This week, let's take a look at one such solution - Futures & Promises - and go a bit "under the hood" to see how they actually work.

Flakiness is what happens when tests don't run consistently - when you get different outcomes depending on time, which machine they're being run on, or whether they're run on CI or on the computer you work on.

This week, let's take a look at some easy-to-apply tips and tricks that can help you reduce flakiness in your tests, and make them more predictable and easier to run in any environment.

We often encounter situations when we need to find a way to store objects based on some concept of identity. Whether it's in a cache, storing representations of objects on disk, or simply using a dictionary - we often need to find ways to uniquely identify objects that we deal with.

Let's take a look at some of those ways, and how we can use them for objects and values.

Almost all modern apps use JSON in one way or another. Whether it's for configurations, to store local data or to download information over the network - JSON is everywhere.

This week, let's take a look at how we can set up our JSON mapping tests to make them a lot more robust and future proof, and how we can use them to perform end-to-end testing.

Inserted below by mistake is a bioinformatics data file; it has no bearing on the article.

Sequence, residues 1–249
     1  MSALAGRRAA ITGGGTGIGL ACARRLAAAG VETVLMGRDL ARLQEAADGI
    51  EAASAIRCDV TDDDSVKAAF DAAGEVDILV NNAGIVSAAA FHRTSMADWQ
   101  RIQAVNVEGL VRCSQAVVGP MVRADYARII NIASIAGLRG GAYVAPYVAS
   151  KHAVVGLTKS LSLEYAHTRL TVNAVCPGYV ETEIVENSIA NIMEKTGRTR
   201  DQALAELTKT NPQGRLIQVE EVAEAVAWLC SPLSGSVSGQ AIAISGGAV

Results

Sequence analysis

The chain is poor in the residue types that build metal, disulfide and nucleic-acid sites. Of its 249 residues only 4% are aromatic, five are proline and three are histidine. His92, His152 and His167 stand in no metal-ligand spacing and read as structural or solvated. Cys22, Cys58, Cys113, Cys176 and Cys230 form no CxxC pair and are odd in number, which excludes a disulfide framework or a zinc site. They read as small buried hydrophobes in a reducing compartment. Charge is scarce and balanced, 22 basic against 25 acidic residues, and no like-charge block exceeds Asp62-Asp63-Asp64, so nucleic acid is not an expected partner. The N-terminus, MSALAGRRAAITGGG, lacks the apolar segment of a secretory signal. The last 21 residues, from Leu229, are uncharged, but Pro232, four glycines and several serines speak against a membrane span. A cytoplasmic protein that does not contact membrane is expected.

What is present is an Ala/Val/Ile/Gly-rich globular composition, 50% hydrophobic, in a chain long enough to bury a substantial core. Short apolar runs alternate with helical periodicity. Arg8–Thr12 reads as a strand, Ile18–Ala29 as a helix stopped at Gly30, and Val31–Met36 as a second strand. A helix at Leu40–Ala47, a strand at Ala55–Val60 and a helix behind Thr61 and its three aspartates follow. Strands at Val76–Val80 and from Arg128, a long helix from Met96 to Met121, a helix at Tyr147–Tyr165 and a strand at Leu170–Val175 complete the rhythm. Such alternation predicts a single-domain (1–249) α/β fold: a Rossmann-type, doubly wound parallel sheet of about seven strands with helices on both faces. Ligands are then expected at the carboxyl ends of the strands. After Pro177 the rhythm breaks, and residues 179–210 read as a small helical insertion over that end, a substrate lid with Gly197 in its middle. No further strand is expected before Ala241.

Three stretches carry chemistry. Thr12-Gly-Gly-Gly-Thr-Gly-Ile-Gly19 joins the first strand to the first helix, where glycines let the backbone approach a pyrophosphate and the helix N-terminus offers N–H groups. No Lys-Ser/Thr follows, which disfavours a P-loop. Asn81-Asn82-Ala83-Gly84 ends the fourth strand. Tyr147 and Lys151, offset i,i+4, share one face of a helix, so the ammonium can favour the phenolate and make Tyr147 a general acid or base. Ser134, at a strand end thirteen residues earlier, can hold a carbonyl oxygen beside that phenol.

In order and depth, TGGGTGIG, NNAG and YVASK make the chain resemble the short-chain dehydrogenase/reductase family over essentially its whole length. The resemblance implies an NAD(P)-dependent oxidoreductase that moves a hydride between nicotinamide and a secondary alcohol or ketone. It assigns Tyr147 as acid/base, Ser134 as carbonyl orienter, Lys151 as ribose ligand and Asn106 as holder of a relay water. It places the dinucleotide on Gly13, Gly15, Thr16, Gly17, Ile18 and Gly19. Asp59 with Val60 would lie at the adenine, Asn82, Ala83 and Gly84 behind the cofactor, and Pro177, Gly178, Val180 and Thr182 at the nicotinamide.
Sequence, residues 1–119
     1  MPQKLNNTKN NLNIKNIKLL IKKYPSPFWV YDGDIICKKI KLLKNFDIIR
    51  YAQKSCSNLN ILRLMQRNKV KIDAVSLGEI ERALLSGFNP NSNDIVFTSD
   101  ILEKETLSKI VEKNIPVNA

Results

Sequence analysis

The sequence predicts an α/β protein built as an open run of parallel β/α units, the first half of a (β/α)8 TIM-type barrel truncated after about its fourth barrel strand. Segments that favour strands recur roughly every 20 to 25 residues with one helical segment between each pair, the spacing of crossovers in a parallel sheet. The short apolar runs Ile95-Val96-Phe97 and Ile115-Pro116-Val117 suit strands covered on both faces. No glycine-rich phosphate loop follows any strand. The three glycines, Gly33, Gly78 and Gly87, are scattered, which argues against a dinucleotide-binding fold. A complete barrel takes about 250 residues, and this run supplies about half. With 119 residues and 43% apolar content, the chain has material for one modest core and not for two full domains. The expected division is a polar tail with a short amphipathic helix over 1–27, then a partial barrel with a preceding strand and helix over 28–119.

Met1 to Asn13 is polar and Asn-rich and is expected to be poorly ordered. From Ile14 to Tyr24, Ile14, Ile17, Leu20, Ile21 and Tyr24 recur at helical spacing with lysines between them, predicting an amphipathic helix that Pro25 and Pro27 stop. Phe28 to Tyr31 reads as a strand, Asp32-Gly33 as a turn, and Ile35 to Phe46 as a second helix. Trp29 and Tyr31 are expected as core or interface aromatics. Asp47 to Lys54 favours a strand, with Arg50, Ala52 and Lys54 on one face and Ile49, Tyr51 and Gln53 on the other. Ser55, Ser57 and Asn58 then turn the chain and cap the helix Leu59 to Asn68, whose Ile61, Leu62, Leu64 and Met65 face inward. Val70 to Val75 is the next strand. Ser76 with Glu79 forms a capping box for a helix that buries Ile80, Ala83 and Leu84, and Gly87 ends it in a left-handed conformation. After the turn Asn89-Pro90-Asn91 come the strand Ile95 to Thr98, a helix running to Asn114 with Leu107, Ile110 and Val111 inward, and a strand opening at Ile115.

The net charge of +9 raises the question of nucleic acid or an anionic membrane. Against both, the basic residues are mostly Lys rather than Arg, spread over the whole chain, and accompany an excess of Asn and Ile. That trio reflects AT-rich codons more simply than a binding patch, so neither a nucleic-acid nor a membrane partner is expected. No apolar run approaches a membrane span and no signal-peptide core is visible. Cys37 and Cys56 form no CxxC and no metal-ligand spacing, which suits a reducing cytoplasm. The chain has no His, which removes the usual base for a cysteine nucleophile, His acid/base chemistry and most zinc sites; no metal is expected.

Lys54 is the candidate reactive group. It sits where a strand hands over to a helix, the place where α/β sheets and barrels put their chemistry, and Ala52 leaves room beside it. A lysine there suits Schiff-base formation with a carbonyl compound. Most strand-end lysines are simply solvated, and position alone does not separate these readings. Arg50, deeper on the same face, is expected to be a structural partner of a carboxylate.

One of the hardest things when building apps and designing systems is deciding how to model and deal with state. Code managing state is also a very common source of bugs, when parts of our app might end up in a state we didn't expect.

This week, let's take a look at some techniques that can make it easier to write code that handles and reacts to state changes - to make it more robust and less error prone.

Animations are a great way to explain the functionality of our apps through motion, and to delight our users. Adding animations in the right places can really make a UI look a lot more polished and nice.

This week, let's take a look at how SpriteKit can be a great tool for creating certain kinds of animations.

Swift playgrounds are awesome for things like trying out new frameworks and exploring new language features. The instant feedback they give you can really provide a huge productivity boost and enable you to try out new ideas and solutions quickly.

This week, letโ€™s take a look at how Swift playgrounds can be used for writing unit tests, and how it can make a TDD(ish) workflow a lot more smooth.